Share Email Print
cover

Proceedings Paper

Design and development of a profilometer for the fast and accurate characterization of optical surfaces
Author(s): José A. Gómez-Pedrero; Diego Rodríguez-Ibañez; José Alonso; Juan A. Quirgoa
Format Member Price Non-Member Price
PDF $14.40 $18.00

Paper Abstract

With the advent of techniques devised for the mass production of optical components made with surfaces of arbitrary form (also known as free form surfaces) in the last years, a parallel development of measuring systems adapted for these new kind of surfaces constitutes a real necessity for the industry. Profilometry is one of the preferred methods for the assessment of the quality of a surface, and is widely employed in the optical fabrication industry for the quality control of its products. In this work, we present the design, development and assembly of a new profilometer with five axis of movement, specifically suited to the measurement of medium size (up to 150 mm of diameter) "free-form" optical surfaces with sub-micrometer accuracy and low measuring times. The apparatus is formed by three X, Y, Z linear motorized positioners plus and additional angular and a tilt positioner employed to locate accurately the surface to be measured and the probe which can be a mechanical or an optical one, being optical one a confocal sensor based on chromatic aberration. Both optical and mechanical probes guarantee an accuracy lower than the micrometer in the determination of the surface height, thus ensuring an accuracy in the surface curvatures of the order of 0.01 D or better. An original calibration procedure based on the measurement of a precision sphere has been developed in order to correct the perpendicularity error between the axes of the linear positioners. To reduce the measuring time of the profilometer, a custom electronics, based on an Arduino™ controller, have been designed and produced in order to synchronize the five motorized positioners and the optical and mechanical probes so that a medium size surface (around 10 cm of diameter) with a dynamic range in curvatures of around 10 D, can be measured in less than 300 seconds (using three axes) keeping the resolution in height and curvature in the figures mentioned above.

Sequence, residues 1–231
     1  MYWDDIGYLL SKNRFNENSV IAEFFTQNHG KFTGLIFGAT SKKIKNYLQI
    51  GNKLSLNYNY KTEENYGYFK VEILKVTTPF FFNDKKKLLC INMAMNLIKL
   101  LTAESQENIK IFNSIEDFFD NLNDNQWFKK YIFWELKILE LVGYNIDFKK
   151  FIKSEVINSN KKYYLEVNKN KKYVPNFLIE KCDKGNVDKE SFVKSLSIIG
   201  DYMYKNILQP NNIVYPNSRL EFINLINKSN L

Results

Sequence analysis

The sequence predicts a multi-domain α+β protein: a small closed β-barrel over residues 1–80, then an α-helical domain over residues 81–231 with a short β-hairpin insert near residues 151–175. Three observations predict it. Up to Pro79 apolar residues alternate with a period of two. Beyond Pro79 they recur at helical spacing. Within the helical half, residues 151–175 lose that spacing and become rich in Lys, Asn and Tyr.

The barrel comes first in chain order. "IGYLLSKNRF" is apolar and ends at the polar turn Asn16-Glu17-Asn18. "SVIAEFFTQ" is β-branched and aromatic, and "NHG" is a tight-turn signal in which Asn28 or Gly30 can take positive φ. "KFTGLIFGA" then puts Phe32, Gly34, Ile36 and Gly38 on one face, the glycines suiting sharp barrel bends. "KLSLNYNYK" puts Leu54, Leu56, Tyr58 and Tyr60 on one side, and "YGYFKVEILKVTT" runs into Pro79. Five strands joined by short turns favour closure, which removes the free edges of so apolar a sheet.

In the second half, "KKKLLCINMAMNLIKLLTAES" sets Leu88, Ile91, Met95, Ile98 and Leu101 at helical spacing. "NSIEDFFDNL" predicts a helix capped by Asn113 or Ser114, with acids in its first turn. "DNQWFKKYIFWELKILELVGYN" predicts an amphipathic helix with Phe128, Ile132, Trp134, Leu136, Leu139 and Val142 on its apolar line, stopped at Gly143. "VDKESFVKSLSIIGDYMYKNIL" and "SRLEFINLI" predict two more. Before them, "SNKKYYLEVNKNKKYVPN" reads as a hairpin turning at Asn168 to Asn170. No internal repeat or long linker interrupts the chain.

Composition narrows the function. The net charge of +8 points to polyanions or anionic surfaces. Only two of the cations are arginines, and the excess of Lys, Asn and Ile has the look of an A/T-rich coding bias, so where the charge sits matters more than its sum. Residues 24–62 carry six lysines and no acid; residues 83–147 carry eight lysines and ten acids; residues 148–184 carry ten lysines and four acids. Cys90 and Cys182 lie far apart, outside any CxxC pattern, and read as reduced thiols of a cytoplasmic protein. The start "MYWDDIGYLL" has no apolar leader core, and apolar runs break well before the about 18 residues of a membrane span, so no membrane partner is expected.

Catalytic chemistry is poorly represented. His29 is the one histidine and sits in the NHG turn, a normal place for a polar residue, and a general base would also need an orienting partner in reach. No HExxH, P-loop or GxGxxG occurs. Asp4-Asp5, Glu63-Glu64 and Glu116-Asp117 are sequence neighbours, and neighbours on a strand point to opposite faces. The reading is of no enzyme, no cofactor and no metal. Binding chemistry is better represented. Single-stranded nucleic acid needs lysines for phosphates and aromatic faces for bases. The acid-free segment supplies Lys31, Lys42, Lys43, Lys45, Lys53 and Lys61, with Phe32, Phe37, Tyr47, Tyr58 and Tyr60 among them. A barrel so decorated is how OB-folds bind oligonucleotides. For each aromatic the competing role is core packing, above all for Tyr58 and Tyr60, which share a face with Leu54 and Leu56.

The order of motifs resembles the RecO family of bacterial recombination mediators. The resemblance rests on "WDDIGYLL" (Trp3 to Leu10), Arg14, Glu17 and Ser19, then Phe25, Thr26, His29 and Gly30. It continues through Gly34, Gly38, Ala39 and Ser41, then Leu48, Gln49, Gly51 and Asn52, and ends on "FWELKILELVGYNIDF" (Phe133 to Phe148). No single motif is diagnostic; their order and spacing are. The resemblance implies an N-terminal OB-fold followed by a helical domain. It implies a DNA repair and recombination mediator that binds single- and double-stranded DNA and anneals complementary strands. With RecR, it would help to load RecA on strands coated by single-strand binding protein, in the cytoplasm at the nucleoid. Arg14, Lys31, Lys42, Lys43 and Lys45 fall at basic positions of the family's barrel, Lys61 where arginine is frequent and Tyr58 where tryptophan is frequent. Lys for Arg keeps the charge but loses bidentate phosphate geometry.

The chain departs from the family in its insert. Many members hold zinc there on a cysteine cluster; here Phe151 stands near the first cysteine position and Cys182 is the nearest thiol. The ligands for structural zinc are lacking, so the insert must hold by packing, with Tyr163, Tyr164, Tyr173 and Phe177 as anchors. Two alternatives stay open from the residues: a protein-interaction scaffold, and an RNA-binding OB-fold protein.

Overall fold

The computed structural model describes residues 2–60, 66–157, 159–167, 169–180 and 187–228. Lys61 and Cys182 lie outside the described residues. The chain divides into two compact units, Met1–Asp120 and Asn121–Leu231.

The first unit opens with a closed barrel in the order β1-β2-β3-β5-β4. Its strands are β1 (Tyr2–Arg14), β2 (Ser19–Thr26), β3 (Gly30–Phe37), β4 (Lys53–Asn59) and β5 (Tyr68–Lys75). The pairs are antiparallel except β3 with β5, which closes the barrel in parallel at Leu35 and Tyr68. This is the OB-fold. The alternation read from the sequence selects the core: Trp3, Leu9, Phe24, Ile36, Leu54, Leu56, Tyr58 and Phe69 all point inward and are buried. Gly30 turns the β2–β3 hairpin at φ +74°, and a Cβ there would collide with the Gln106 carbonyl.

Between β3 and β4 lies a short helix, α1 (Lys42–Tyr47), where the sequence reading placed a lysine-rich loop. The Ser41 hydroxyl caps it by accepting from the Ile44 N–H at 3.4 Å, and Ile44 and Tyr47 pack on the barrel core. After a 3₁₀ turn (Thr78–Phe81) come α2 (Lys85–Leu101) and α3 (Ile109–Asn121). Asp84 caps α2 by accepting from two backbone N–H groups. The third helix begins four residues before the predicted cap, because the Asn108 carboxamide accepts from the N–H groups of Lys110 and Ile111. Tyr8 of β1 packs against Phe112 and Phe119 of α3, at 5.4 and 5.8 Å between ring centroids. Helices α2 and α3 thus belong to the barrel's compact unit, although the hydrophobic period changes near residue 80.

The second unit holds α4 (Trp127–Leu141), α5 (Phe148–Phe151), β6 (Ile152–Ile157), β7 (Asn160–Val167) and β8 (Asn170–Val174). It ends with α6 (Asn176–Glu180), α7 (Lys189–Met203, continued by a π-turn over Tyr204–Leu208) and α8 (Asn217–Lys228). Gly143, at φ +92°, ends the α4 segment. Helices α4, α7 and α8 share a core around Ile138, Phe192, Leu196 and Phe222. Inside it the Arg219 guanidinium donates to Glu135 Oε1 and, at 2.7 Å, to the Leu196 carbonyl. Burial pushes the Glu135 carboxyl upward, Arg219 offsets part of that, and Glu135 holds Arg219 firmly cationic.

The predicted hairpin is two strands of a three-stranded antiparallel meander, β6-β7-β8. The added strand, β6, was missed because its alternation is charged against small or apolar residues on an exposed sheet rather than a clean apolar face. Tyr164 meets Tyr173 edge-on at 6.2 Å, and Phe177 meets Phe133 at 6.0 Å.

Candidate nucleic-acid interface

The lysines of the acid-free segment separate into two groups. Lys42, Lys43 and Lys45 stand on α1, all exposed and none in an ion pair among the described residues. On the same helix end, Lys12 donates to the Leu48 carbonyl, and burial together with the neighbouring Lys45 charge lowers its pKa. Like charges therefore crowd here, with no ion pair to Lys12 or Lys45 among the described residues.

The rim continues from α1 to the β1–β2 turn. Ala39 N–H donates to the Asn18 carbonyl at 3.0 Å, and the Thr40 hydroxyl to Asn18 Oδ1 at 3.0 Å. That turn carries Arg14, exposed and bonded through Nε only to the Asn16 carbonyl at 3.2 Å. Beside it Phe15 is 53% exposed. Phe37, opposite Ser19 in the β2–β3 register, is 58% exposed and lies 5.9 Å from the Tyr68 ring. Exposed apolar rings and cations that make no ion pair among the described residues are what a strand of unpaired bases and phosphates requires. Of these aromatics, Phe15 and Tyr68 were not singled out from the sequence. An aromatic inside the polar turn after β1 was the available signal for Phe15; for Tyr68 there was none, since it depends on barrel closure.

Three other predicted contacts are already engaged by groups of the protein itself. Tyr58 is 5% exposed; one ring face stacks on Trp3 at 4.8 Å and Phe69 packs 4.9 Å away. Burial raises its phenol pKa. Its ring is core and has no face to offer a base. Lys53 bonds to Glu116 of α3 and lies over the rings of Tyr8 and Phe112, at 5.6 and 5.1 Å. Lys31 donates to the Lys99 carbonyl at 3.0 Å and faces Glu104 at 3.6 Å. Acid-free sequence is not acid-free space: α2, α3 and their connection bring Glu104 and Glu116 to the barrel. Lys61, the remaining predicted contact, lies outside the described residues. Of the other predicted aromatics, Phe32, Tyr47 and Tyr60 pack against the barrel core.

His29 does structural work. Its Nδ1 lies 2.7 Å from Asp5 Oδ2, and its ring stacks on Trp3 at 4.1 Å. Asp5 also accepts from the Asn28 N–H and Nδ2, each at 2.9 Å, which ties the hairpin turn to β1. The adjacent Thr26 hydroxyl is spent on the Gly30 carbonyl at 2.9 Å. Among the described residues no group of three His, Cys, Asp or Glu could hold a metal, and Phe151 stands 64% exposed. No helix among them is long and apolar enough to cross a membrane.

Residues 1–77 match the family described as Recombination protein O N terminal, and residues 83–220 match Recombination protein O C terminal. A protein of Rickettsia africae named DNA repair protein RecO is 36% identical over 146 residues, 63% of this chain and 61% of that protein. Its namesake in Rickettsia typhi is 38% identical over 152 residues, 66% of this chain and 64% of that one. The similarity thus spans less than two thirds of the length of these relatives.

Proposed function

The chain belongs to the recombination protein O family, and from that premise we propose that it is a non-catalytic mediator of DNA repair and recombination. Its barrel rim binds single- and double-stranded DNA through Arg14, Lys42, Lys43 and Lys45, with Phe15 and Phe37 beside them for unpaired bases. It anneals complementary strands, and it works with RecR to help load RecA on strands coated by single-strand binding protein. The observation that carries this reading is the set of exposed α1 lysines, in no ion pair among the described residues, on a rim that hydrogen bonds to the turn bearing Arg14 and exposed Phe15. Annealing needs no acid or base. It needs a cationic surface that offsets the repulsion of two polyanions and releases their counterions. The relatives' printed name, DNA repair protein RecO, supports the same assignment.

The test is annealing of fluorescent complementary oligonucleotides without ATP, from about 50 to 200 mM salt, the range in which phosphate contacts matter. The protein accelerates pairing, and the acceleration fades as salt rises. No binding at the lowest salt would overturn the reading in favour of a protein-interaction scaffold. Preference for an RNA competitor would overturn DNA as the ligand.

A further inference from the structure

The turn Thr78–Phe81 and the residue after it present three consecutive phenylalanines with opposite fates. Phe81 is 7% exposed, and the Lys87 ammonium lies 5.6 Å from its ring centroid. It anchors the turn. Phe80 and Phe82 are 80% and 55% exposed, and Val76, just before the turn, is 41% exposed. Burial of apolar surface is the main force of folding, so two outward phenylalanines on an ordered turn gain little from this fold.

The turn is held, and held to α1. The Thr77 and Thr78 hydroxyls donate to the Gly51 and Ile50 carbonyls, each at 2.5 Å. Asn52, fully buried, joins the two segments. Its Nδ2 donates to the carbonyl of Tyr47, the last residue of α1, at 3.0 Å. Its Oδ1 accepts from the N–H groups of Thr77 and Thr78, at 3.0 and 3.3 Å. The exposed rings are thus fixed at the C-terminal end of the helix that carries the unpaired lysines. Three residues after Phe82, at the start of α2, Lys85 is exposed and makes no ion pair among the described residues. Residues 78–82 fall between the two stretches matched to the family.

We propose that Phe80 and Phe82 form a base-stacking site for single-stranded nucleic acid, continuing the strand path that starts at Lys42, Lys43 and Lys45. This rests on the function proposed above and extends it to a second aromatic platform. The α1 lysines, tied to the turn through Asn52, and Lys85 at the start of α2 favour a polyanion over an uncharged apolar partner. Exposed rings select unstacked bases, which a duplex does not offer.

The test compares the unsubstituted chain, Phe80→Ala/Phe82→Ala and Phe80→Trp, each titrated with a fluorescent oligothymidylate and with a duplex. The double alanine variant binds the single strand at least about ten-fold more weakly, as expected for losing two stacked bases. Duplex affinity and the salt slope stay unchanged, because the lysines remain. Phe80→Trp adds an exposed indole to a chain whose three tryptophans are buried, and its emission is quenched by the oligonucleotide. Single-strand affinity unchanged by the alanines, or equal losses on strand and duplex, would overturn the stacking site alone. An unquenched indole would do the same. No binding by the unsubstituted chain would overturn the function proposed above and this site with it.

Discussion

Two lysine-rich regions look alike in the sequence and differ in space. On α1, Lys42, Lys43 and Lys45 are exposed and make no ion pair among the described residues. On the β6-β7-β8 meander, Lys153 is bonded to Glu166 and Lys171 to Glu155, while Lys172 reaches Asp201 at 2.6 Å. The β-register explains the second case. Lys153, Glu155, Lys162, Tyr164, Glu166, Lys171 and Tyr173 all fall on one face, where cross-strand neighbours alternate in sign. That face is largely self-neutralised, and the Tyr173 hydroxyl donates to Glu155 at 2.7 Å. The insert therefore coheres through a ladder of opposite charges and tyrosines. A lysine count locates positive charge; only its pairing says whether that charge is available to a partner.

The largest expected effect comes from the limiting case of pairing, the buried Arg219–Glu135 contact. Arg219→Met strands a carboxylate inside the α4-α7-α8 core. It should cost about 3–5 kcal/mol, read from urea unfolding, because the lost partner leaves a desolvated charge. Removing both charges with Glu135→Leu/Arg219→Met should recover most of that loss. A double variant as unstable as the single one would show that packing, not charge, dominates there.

Paper Details

Date Published: 24 September 2015
PDF: 9 pages
Proc. SPIE 9628, Optical Systems Design 2015: Optical Fabrication, Testing, and Metrology V, 96281I (24 September 2015); doi: 10.1117/12.2191058
Show Author Affiliations
José A. Gómez-Pedrero, Univ. Complutense de Madrid (Spain)
Diego Rodríguez-Ibañez, Indizen Optical Technologies (Spain)
José Alonso, Univ. Complutense de Madrid (Spain)
Indizen Optical Technologies (Spain)
Juan A. Quirgoa, Univ. Complutense de Madrid (Spain)


Published in SPIE Proceedings Vol. 9628:
Optical Systems Design 2015: Optical Fabrication, Testing, and Metrology V
Angela Duparré; Roland Geyl, Editor(s)

© SPIE. Terms of Use
Back to Top